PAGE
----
By day 3 I knew the drill and what to expect of myself. I relaxed and didn't put too much effort into getting into the break. After the 2nd climb though I was feeling so good I tried to roll away on the descent and it worked. 4 riders bridged up to me and then we dropped 2 of them on the next climb and the 3 of us rolled together and got pretty close to what we thought was the lead group but we didn't know was that the lead group had split long ago and we were actually catching up to the 2nd group on the road. After 50km like this the dream ended and the peleton caught us. I went back to domestique duties and did a little bit of bonked pacing to the finish as well as getting bottles from the cars of rival teams as our car was still up the road with Dimitri in the break away. Then with 10km before the final climb a spoke on my rear wheel fell out and it was rubbing the brakes really hard. The lotto car was still up the road and this 10 speed wheel I was forced to borrow was not co-operating with my 11speed bike. By the time I got back to the roaring pack our car was back and I changed wheels again. Chasing there and back, there and back, being in a break and doing domestique work all hit me hard and I am sure you know what comes next. I cracked. I cracked super hard on the 12km climb to the finish and even blacked out for a few seconds just after the line. You would think it was some summer students from St.John's ambulance who had come to France for how big of a deal they made it out to be but it was pretty obvious what the problem was. I just kept saying "I'm fine, I'm just not used to racing like this, I just need solid food". It's bike racing, people crack, especially after 7 hours in the saddle in the mountains stop trying to give me and IV bag and put a wet towel on my head. I slept well that night.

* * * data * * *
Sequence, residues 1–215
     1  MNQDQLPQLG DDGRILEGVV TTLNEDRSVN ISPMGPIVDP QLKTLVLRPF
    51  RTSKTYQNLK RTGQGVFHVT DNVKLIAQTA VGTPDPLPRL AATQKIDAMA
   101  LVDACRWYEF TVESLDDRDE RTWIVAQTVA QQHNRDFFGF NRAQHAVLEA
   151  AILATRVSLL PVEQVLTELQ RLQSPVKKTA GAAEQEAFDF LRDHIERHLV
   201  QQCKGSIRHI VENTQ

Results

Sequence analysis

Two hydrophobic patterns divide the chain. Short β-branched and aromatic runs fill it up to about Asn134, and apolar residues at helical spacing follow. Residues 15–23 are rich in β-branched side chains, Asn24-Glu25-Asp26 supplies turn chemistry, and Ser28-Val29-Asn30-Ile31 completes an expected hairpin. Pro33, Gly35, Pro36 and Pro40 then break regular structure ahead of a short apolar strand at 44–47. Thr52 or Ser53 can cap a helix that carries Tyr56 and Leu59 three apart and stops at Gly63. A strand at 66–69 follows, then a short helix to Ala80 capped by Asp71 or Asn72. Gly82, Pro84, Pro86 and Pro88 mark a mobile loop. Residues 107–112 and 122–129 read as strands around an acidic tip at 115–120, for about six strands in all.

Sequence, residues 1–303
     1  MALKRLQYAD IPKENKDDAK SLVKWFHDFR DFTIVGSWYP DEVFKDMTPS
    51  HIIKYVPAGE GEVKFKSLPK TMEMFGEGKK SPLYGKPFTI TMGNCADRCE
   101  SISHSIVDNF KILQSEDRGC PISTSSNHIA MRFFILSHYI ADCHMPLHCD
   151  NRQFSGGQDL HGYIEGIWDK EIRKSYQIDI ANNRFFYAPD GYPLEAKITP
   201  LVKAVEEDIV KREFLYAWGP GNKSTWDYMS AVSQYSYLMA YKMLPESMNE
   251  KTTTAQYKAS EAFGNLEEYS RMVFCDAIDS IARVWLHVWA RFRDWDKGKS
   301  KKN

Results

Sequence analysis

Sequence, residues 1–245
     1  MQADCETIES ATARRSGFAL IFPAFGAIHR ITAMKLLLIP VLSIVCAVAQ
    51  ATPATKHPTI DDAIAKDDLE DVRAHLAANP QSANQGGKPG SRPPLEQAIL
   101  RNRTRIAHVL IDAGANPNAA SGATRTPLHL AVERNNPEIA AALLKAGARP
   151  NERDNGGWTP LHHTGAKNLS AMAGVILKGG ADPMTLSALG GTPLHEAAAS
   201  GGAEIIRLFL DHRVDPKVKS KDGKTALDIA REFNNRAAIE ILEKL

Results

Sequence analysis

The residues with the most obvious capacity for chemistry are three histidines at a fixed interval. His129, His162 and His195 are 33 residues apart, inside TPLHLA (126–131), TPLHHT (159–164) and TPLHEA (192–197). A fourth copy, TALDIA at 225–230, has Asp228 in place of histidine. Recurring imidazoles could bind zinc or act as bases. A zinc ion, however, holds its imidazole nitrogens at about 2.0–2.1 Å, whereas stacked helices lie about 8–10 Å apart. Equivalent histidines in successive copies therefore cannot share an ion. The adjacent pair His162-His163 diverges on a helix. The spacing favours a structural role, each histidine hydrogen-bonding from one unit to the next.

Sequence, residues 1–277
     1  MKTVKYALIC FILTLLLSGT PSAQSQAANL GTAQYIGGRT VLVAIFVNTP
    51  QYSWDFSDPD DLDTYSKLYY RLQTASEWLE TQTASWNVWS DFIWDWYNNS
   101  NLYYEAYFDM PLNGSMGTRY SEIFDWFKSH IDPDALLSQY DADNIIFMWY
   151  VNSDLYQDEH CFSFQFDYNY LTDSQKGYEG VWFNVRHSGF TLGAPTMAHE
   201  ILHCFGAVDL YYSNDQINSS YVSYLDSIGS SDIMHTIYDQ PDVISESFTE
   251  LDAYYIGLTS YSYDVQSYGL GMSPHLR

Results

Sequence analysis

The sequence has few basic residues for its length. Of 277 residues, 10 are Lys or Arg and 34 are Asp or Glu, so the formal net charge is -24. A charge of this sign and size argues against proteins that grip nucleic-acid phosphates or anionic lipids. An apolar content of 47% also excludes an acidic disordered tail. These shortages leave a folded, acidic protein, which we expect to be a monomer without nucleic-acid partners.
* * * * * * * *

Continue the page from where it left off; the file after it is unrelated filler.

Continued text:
bee sting protocol at St.John's
The prospect of finishing the 4th and final day seemed a stretch too far. A hard steep climb right after the neutral zone then 30km of valley before 20km of climbing to the finish. At only 100km of racing the finishers time would be fast and my normal routine of finishing 20minutes back would not be within 25% and I would be OTL. For non-cyclists what that means is that in racing you have to complete the course within 25% of the winner's time or else you are eliminated.  Since we were looking at a 2.5 hour race more than half the peleton was due to be eliminated on the last climb, not making it over the first climb with the leaders would be a death sentence. I was already super fatigued from my efforts of day's before and dropped with many others the moment the road turned up. The majority of us got off in the feed zone but a lot of others held onto team cars and got towed at super high speeds on the flats to make it to the finish. 50 of 120 starters finished the 4 day race but the number would have been more like 40 if you cut out the cheaters. Proud I am not one of them.

King Louis
Louis ended up 4th overall as well as a 3rd and 4th placing's on stages. Only a year older than me he is one to look for in the mountainous WorldTour races in years to come. A gracious guy always quick to thank his team, I don't know if I've ever been so happy to serve someone in my cycling days.

I will write a post about the Canadian Championships in the coming days. I napped on my first day over, breaking the strict 9pm rule of Jet Lag and I have been messed up for a week!  Not fun, soo tired.